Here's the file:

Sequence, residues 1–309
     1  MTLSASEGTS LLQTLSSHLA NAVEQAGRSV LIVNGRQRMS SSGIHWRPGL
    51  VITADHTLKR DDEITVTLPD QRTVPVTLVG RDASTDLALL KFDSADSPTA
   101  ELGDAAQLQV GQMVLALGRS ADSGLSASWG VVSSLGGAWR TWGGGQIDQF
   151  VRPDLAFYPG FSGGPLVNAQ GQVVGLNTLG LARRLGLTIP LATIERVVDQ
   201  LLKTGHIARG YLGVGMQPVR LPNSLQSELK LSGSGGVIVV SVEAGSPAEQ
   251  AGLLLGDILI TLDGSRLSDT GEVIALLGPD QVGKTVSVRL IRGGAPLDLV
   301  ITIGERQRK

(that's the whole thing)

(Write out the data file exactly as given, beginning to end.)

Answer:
Sequence, residues 1–309
     1  MTLSASEGTS LLQTLSSHLA NAVEQAGRSV LIVNGRQRMS SSGIHWRPGL
    51  VITADHTLKR DDEITVTLPD QRTVPVTLVG RDASTDLALL KFDSADSPTA
   101  ELGDAAQLQV GQMVLALGRS ADSGLSASWG VVSSLGGAWR TWGGGQIDQF
   151  VRPDLAFYPG FSGGPLVNAQ GQVVGLNTLG LARRLGLTIP LATIERVVDQ
   201  LLKTGHIARG YLGVGMQPVR LPNSLQSELK LSGSGGVIVV SVEAGSPAEQ
   251  AGLLLGDILI TLDGSRLSDT GEVIALLGPD QVGKTVSVRL IRGGAPLDLV
   301  ITIGERQRK